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Something is Missing




by Connie Entrekin

I hope all of you have been watching the roller-coaster event commonly referred to as the Republican Presidential primary. Every week a new front runner, but slowly the field is starting to work its way to its eventual conclusion and a candidate will emerge. One thing I must say, it’s been entertaining as each candidate fights for the nomination of their party. 

One thing I noticed is the lack of meaningful conversation about what our presidential candidates have planned for Social Security and Medicare. Even in Florida, a state with a large retiree population, details about the candidates' Social Security and Medicare proposals were largely missing as the candidates travel across the state to garner support. Even in the primary debates the silence has been deafening. Why?

I believe plans to privatize or cut Social Security and Medicare under the guise of deficit reduction represent a larger political disconnect between politicians and the average American voter than any other single issue facing candidates in this presidential campaign. These candidates know it and that is why they are avoiding it.

In poll after poll it’s clear voters of all ages and political persuasions don't support cutting benefits to middle-class Americans who depend on Social Security and Medicare (now or in the future) to repair our ailing economy. Yet, cutting middle-class benefits remains at the heart of every deficit discussion.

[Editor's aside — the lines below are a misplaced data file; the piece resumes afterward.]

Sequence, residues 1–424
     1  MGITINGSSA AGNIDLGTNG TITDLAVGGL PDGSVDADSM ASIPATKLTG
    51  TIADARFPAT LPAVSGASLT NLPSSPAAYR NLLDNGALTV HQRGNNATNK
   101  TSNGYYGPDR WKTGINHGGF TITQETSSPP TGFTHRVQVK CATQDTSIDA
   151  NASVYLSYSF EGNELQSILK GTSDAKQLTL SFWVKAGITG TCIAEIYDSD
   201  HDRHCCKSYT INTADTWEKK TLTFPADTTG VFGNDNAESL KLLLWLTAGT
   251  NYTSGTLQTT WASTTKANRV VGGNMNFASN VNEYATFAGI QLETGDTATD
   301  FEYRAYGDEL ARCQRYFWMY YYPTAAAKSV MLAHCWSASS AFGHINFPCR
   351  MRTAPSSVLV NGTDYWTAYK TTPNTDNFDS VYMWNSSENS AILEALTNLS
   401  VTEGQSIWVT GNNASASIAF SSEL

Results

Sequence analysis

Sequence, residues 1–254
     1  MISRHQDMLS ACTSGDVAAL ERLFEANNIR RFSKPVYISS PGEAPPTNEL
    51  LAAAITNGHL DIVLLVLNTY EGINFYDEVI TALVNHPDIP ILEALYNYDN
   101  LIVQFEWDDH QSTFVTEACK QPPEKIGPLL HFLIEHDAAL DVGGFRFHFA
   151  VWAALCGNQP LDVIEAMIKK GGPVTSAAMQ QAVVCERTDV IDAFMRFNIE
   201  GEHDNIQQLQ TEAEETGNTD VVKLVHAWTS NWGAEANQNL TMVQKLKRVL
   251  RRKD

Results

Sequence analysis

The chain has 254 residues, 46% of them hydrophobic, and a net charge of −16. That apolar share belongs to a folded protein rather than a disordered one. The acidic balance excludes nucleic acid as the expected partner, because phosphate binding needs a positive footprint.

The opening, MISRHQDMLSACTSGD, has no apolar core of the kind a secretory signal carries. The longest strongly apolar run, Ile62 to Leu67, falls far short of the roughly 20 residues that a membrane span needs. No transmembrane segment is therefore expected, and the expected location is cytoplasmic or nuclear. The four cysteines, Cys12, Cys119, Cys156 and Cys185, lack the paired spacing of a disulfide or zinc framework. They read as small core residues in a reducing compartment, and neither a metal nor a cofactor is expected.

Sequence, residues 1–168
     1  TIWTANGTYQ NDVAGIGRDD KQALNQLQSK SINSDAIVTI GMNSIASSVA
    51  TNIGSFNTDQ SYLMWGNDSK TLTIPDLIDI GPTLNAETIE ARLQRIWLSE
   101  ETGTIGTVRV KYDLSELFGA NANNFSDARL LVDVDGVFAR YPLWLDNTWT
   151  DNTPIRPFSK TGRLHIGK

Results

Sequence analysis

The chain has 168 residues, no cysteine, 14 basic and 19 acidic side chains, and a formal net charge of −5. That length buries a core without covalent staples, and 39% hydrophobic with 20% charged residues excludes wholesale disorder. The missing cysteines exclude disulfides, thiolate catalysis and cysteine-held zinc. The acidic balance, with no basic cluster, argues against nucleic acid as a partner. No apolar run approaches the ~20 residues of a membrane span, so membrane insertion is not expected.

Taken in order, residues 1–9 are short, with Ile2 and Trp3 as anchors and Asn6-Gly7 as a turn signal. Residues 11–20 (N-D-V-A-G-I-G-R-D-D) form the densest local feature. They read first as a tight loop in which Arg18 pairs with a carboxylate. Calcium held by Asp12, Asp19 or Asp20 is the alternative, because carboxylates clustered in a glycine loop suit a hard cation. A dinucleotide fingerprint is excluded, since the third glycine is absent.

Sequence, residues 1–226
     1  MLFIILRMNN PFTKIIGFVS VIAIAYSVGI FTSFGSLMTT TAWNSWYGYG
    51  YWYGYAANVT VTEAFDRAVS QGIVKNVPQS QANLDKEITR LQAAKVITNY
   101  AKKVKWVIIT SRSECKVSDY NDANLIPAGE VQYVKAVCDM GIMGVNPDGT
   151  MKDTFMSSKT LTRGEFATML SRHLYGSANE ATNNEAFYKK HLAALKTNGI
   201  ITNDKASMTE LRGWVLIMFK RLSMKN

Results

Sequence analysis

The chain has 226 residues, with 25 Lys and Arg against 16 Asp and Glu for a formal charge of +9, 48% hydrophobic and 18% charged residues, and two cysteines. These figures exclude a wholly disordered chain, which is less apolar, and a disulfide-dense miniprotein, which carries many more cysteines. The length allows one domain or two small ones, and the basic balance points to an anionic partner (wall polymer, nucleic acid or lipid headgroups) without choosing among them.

Over the years, some politicians have promised Americans they'll “preserve” and “strengthen” these vital programs ― while actually proposing benefit cuts, Social Security private accounts or vouchers for seniors in Medicare. Recently, candidates like Mitt Romney promised Florida seniors he'd “never go after Medicare.”  However, Mr. Romney supports proposals like House Budget Committee Chairman Paul Ryan's plan, which turns Medicare into a voucher program, destroying traditional Medicare as we know it and sending the bill to seniors.

Americans deserve economic security in their retirement years. They know Social Security and Medicare are vital parts of that security. We expect more than the double-speak offered by political candidates who say “reform” when they mean “cut” and “preserve” when they mean “privatize.”

Connie Entrekin is the President of the Steelworkers Organization of Active Retirees

Comments

The whole retirement thing takes a lot of process too. Asking a lawyer would be more safer.

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